- Its community of curators is amazing.
- It is set up as close to perfect as it can be (especially love their use of leaderboards and the game within the game, in fact I wrote extensively about these tactics in my Gamification White Paper for Atlantic BT).
- Scoop.it's ability to easily spider the social web based on keywords I provide.
- Its ease of use.
Scoop.it's grace and helpful beauty is why I wrote Why Scoop.it Rocks. Will get around to supplementing my first Why Rocks post with another soon :).
Rewriting Content Not Content Curation (Robin Good scooped to Curation Revolution)
Like Robin I give this 7 out of 10. There are some curators such as Robin I rarely add much content to because they are expressing my thoughts in some cases better than me. Part of good curating is to select and share, or just select. I just posted a great Infographic by MaxOz (how the world spends its time online) because it fit something I believe or am interested in. In Such a case a rare straight scoop is fine.
Mostly I am way to talkative and full of beans to not weigh in (lol). As far as the "rewriting" goes I agree with Robin, not adding anything and calling it yours doesn't make it so. If someone were to paraphrase my writing, call it their curation and then give credit they insult me. Like shooting me and then apologizing - the one doesn't compensate for the other :).
And on Robin's Scoop of a new SlideShare-like tool called DisplayNote:
I just curated a piece of Robin's into Curation Revolution explaining there are times when a straight scoop or curation without much comment makes sense. This excellent summary of Robin's is a perfect example. The other thing I keep in mind on my straight scoops, curation without much comment, is where am I curating too. If I were moving Robin's notes and this new Display Note tool into my blog or my Technorati startups series I would write more, but it can be safely "Scooped" into my Startups feed inside of Scoop.it because that is where I share cool tools like this one. Sometimes I scoop naked first and then go back and fill notes in after I've had a chance to take a pass through the tool. I do this to rescue the piece so I don't lose it back into the sea of STUFF I review daily.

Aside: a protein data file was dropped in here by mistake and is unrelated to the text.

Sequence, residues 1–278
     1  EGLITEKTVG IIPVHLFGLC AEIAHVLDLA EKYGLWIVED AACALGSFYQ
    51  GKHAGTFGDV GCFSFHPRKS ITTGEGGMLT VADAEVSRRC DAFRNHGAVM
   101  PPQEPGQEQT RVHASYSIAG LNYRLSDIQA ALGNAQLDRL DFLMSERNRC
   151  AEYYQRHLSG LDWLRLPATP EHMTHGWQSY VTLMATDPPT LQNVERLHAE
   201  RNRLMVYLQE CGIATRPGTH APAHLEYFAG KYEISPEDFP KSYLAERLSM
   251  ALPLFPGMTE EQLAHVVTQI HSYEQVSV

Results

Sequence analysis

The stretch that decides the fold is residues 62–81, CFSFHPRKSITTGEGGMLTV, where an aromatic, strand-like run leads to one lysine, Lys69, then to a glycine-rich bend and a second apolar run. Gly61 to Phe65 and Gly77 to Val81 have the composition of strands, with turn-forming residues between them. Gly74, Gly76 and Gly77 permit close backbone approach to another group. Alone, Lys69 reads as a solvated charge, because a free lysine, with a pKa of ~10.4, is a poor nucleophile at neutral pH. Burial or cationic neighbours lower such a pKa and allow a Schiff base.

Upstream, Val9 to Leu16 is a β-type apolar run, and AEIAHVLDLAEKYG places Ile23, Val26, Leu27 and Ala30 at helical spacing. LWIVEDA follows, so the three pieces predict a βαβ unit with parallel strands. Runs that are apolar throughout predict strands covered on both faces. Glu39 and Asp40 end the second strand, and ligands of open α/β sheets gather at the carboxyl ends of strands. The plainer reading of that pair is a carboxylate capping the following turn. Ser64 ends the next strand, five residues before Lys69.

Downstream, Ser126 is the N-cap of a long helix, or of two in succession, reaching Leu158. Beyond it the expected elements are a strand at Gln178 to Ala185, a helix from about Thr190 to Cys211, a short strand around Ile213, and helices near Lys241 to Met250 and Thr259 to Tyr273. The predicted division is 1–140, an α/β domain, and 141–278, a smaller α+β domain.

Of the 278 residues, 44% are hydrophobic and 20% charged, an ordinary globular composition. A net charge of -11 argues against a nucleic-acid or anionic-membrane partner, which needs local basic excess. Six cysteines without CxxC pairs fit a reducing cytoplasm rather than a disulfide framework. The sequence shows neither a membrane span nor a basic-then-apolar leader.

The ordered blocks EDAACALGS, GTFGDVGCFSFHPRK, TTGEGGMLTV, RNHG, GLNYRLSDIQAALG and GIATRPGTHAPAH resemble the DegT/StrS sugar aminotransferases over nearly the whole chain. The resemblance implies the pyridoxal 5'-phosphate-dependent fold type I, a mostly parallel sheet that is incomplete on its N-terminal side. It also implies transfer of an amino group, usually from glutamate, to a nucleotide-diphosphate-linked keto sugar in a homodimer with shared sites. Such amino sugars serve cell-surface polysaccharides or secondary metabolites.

This "naked scoop" reflects one way I use Scoop.it to support curation. When I see something cool, something I don't want to forget, I move it to one of my feeds as a way of archiving and tagging (been meaning to get better about tagging inside of Scoop.it too since know it could save tons of time). When I am writing about mobile I check my Mobile Revolution feed for helpful factoids, authors and blogs. One role this cool tool plays is writer's assistant and note archive.
If I were writing about SlideShare-like tools I would return to this scoop and check out DisplayNote and any other similar new tools stored there as reference and helpful information, but for today, there might be little to add other than, "cool, agree with Robin and will look into it". Part of what Robin and other curators I trust do for my curation is to reduce my sourcing time. Another role to help me form up those philosophical areas I curate such as curation itself, marketing and branding. Robin and Michael also teach me new things almost every day. They keep my mind OPEN as it has to be to achieve any success in Internet marketing.
For what they do I am grateful and hopefully show my gratitude with the high respect I have for great curation and each of them. Robin and Michael (maxOz) don't need my credit, but they appreciate my input, respect and admiration. Admiration because only a fellow curator knows just how hard all of this is despite how easy they (and all great curators) make it appear.
What Is Content CurationI share these comments because there are a lot of questions about what is content curation. I wrote a piece for Atlantic BT recently. What Is Content Curation was a fine start, but we are working on this race car (content curation) as we drive so wanted to share my conversation on Robin's scoops from today.
Great Comment From Liz Wilson on Curation Revolution Scoop.it
June 17, 6:37 AM